Monday, December 21, 2009
Deb Babcock's gardening column appears Mondays in Steamboat Today.
Find more gardening columns here.
Steamboat Springs It’s hard to believe that the romantic characteristics we attribute to mistletoe are given to a parasitic plant, but it’s true.
Mistletoe (phoradendron flavenscens) is an American native plant found growing on all kinds of trees, including pine, spruce, apple and oak. The European mistletoe (viscum album) is another variety of this holiday decoration.
Most forms of mistletoe attach to the branches or trunk of a host tree and then penetrate the bark with its roots to steal nutrients. There are some species that can use photosynthesis to make their own food, but most are parasites and, if left to multiply unchecked, can kill the host plant. Mostly, however, mistletoe deforms the tree, causing it to grow an unruly mess of twigs and branches that we call witches’ broom.
In the winter, mistletoe is easy to spot in deciduous trees because its leaves stay green. Mistletoe leaves are leathery and pointed with sticky red or white berries. It flowers in a myriad of colors including yellow, red and green.
There are many traditions and folklore associated with mistletoe. Early Europeans used it as a ceremonial plant, connected to the mythical Nordic Baldur woman, Freya. Vikings thought it had the power to raise humans from the dead. The Druids felt the plant could protect against poisons, illness and witchcraft spells. In their time, if enemies met under mistletoe in the forest, they were required to be peaceful until the next day. This may be the origin of the custom of kissing under a ball of mistletoe as a sign of goodwill.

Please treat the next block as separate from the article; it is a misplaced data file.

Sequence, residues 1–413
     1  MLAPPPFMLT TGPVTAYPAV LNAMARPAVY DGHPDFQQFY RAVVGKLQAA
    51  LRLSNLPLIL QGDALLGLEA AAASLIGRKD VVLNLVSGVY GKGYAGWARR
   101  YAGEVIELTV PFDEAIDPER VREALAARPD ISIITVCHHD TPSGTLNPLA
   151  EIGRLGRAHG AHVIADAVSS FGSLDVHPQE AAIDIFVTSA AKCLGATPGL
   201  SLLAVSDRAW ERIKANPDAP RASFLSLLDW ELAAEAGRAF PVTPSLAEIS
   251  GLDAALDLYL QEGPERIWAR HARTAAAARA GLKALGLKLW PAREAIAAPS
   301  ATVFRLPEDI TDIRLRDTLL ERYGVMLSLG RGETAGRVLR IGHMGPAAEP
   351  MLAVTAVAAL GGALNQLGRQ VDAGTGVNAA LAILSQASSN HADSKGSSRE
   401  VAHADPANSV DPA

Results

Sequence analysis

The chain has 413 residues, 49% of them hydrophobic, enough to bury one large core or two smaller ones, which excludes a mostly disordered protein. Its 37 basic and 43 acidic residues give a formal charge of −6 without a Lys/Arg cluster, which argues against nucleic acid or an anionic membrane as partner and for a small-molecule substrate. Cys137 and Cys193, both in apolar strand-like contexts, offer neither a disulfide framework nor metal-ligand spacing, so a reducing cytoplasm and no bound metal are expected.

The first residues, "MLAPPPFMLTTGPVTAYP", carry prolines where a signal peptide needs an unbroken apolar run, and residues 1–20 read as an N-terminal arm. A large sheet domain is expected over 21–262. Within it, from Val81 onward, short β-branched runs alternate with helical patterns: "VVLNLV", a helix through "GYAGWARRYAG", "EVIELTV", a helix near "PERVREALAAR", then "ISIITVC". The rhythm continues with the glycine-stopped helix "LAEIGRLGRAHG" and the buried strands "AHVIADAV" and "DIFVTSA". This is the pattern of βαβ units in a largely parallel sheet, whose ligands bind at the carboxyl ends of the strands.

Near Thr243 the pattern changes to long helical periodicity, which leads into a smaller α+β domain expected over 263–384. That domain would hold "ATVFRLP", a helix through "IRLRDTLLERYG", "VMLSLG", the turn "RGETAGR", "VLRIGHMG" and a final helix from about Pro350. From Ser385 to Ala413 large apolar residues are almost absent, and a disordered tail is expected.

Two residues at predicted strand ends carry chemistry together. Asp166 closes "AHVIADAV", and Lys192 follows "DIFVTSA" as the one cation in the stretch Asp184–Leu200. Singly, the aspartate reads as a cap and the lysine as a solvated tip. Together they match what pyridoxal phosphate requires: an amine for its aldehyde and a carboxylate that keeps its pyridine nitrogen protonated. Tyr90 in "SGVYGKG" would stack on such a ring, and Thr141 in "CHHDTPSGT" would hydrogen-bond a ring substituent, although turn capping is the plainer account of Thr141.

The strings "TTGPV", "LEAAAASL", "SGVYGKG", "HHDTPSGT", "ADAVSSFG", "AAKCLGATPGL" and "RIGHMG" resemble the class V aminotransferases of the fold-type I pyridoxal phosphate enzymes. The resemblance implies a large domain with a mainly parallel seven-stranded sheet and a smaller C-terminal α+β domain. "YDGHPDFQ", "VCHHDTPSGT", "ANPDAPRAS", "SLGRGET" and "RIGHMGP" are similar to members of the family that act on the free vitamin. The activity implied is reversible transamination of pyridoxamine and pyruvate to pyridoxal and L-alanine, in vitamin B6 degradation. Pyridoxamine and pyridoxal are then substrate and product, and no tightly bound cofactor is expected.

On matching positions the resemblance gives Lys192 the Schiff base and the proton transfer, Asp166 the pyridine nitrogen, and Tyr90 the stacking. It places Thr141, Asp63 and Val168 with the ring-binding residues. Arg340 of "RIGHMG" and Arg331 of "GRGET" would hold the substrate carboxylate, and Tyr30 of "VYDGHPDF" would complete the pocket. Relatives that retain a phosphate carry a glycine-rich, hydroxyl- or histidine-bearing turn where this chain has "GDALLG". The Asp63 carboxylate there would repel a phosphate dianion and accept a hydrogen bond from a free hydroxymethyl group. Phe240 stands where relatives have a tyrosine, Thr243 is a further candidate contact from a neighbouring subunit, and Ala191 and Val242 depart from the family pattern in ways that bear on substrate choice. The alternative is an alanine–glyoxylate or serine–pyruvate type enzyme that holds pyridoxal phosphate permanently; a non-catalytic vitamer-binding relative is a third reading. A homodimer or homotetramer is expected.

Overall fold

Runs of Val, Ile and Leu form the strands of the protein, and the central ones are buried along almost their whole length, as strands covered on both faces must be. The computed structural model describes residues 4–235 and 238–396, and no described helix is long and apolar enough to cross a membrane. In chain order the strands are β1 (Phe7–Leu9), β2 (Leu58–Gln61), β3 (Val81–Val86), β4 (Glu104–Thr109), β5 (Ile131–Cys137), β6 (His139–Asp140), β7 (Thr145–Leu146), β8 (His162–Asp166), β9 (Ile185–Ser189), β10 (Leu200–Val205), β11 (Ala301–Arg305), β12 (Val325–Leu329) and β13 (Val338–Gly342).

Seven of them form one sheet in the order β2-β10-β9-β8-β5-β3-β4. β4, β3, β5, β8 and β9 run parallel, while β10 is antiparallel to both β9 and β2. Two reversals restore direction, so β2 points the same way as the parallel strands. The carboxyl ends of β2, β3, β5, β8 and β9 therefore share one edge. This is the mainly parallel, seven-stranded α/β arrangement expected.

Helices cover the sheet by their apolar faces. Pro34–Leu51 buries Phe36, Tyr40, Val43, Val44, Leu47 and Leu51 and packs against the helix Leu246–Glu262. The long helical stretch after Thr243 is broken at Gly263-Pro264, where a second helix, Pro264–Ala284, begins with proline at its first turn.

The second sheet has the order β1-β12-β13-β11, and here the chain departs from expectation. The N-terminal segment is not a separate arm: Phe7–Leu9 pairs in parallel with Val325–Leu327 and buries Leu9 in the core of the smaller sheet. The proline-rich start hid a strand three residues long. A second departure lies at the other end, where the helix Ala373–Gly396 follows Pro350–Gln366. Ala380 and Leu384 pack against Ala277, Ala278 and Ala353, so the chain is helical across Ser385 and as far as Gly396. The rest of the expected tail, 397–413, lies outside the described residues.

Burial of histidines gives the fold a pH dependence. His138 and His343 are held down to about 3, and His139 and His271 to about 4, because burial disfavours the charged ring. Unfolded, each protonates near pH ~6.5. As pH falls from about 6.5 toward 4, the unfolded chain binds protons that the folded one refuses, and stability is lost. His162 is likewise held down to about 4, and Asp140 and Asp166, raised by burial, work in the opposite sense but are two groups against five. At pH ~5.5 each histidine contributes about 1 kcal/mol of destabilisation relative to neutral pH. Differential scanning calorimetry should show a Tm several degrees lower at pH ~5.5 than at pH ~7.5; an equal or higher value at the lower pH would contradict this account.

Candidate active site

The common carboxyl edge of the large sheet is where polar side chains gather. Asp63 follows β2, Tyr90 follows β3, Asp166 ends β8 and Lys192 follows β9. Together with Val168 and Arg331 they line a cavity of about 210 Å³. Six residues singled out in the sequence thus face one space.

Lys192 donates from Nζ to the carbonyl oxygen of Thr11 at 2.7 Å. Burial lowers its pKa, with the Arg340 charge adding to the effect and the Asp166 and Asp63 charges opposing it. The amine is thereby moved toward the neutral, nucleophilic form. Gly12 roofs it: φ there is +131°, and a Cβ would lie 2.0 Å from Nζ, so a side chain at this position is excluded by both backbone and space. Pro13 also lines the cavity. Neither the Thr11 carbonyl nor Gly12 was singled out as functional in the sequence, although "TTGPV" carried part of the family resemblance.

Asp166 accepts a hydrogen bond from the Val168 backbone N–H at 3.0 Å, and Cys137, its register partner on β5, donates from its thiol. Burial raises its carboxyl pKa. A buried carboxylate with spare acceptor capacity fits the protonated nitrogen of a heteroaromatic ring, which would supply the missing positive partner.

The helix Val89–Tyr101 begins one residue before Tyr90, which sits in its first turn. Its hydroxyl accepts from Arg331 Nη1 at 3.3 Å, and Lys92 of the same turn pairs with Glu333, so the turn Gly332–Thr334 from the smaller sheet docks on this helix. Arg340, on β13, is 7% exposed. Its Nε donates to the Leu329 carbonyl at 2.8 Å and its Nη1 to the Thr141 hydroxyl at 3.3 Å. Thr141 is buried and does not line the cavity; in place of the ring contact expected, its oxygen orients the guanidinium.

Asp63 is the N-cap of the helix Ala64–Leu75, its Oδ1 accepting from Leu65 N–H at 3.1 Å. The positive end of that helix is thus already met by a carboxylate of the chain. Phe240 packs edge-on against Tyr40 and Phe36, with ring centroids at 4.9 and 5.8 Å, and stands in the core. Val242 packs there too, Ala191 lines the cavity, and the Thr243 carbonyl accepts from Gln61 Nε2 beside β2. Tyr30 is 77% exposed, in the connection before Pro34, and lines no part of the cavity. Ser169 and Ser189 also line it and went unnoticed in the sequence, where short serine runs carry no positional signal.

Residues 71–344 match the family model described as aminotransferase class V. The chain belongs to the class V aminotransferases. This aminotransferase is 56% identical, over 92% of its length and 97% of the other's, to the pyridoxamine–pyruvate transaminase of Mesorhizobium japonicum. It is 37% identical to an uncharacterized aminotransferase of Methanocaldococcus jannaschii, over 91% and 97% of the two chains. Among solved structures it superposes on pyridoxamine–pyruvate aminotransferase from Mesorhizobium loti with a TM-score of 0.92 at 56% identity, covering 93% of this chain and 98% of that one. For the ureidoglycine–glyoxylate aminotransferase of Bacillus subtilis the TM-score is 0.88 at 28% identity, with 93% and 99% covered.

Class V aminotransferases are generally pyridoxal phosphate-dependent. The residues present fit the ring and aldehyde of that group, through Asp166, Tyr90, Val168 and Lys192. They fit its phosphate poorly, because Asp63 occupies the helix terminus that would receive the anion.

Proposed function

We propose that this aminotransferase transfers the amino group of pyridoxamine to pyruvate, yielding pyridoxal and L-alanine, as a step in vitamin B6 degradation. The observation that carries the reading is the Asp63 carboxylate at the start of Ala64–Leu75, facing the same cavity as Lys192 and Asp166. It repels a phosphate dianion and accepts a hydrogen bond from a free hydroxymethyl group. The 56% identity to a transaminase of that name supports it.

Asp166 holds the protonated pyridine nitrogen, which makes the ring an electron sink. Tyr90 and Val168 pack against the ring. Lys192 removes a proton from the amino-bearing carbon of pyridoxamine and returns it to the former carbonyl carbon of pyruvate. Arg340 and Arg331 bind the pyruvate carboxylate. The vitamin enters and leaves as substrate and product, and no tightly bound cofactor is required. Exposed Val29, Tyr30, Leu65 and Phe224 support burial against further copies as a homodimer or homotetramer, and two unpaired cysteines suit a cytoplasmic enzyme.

In earlier, more superstitious times, mistletoe was hung from ceilings and doorways to keep evil spirits and witches away. Other civilizations credit mistletoe with fertility rituals, with warding off fire and lightning, and honoring love and beauty.
Mistletoe supposedly has medicinal properties, also. As far back as fifth century BC, mistletoe has been reportedly used to combat dizziness, made into an ointment for open sores, used to stop bleeding, and relieve other pain including cancer, radiation damage, rheumatoid arthritis and more.
Mistletoe is spread throughout the forest mostly by birds. It was discovered to appear on branches where birds had left droppings, which is how the name was derived. Mistel is an Anglo-Saxon word for dung. Tan, a word close to “toe,” is a word for twig, making mistletoe “dung on a twig.” How romantic. Usually the plant will begin growing within six weeks of being “planted,” but it takes five years to flower.
If you wish to observe strict mistletoe etiquette, one of a couple should pluck a berry when they kiss under the mistletoe and when the last berry is gone, there should be no more kissing.
Deb Babcock is a master gardener through the Routt County’s Cooperative Extension Office.